an American cultural anthropologist, has a few interesting ideas on how geeks became cool. The first is that modern day geeks “display a genuine concern for other individuals and their community”.This means they talk about real issues that affect non-nerds as well and this makes them easier to relate to. Think of Mark Shuttleworth with open-source software, the money and time he invests in education, as well as the success of his Hip2B2 brand. The second point that Anderson makes, is that “the super-nerd embodies one of the primary obsessions of our current time: the ability to access information”. If anyone cares to argue with me about that, feel free to leave a message on my Facebook page, my LinkedIn profile, my email, my mySpace, my blog, or my Twitter deck… You get my drift? Geeks are like the gods of social media and the realm of online connectivity. How many of you have a computer whiz friend who you turn to in times of great need, like when your email “breaks”? When I am having a “my email is broken day”, I usually turn to Brad Whittington. Darb, as he is more commonly

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feature known, is a Services Engineer in Cape Town. He builds and improves user facing and back end software for Yola, who are in the business of offering easy to use D.I.Y. websites. While you think you are being astoundingly clever creating your website, Darb is the person responsible for making this possible.

D: I think that, at their base, chicks dig clever dudes. It is a survival instinct. I think back in the cave days they would shack up with the big strong dude for protection, and have a spread bet on the geek who was mumbling about sharper rocks the whole time.

Q: If you were out to pick up a babe, which do you think would work better: 100 pull-ups or solving Rubik’s Cube in less than 15 , t h e s m a rt d u d e w h o aminutes? managed to bridge D: Depends what kind of girl you

The geek is the hybrid-

nerd

has the

between his computer and the outside world divide

I thought Darb may be able to offer insight into the mind of a self-confessed geek.

Q: How do you, as a geek, differentiate yourself from nerds? D: Nerds are awkward with normal humans.They know an infinite amount of information about random crap and usually leave their audience blinking when they stumble into a conversation. Geeks are usually a bit more socially equipped, and have interests outside of being an expert in something. They are both clever, but I like to think of geeks as a bit more intelligent.

Q: What do you think has caused “geek” to become the new cool?

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are after. 100 pull-ups is probably going to catch you a hottie, but a Rubik’s Cube will catch you a lot of awkward nerdy girls. Somewhere in the middle, maybe 50 pull-ups and a half solved Rubik’s cube would be the most profitable.

Q: Who is the ultimate cool nerd? D: Erm, I guess Sergey Brin or Larry Page (founders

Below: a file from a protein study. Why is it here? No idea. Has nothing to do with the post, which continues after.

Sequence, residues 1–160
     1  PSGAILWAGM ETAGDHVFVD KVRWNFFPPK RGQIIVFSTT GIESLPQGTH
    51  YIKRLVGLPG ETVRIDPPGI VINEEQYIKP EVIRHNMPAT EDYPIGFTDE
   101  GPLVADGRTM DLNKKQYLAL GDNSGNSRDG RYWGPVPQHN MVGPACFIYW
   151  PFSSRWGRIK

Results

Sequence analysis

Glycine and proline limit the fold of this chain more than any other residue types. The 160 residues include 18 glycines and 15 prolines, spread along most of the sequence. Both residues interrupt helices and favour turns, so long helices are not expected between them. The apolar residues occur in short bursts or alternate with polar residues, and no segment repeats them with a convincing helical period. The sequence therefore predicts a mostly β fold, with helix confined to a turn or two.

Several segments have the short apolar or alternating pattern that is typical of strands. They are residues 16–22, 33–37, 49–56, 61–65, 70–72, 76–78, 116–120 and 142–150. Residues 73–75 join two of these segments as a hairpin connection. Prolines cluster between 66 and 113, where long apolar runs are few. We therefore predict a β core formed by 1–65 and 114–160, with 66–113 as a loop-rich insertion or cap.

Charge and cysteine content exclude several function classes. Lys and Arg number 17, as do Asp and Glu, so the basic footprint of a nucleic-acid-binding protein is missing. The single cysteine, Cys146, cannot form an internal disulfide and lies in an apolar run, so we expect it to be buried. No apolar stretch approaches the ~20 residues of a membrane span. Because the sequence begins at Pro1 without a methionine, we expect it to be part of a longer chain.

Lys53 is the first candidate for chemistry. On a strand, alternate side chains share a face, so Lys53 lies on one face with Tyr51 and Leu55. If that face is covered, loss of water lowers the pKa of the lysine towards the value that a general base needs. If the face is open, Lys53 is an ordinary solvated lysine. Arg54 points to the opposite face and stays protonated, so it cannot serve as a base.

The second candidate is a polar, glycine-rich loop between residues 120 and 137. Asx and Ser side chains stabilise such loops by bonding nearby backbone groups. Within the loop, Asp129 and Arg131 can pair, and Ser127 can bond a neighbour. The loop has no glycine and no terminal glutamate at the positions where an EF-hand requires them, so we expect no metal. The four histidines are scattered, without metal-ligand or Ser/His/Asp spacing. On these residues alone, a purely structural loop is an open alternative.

of Google). They are hardcore nerds who built one of the biggest businesses in the world. That is pretty cool, right? Right. Being one of the people who invented Google must feel pretty darn good. If not for the money, the fame and the instant popularity, then for the simple fact that Google is now a word listed in the English dictionary. Gone are the days when we dreamt of becoming doctors or rock stars… Now we imagine being Bill Gates. Oh, how times have changed.


fine art

Pix Š Araminta de Clermont, Dave Robertson, Hasan and Husain Essop

0 1 0 2 y r a ontempor

C

Focusing on photography

The Spier Contemporary is South Africa’s largest biennale of visual and performing arts and takes the format of a national competition and exhibition. With over 2,700 submitted works, 101 artists were selected for the final exhibition held at the Cape Town City Hall. In this edition, abouTime is profiling a selection of the winning photographic pieces which will be on display. 1

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2

4

3

Artist: Hasan and Husain Essop Pieces: 1. Fast Twins, 2. Pushing Iron, 3. El Cordero (Lamb), 4. Last Supper in Havana About: This series of works forms par t of a larger exhibition called Halaal Art. These par ticular images were chosen because they tell a story of our experience in a foreign country. The photographs were taken in 2009 and shot on location in Havana, Cuba. We faced many challenges in this socialist country, and decided to document it by using our medium of digitally enhanced photography. We tried to highlight the impor tance of having a balance between the physical and spiritual well being of the body, placing an emphasis on commitment to our faith. www.1time.co.za

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fine art Artist: Dave Robertson Pieces: Paper Trails About: Using makeshift trolleys, informal recyclers collect unwanted material from urban outlets which they transpor t to recycling depots. Although their main ambition is to survive, the “trolley people� have become accidental pioneers by helping to raise awareness about recycling possibilities in our country. Ironically, the more proactive the public becomes about sustainable living, the less oppor tunity there will be for these people to continue exchanging waste for cash. Photographed using an antique 35mm panoramic camera and selected from a larger body of work, these images offer a glimpse into the fragile existence of informal recyclers operating in Newtown, Johannesburg.

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fine art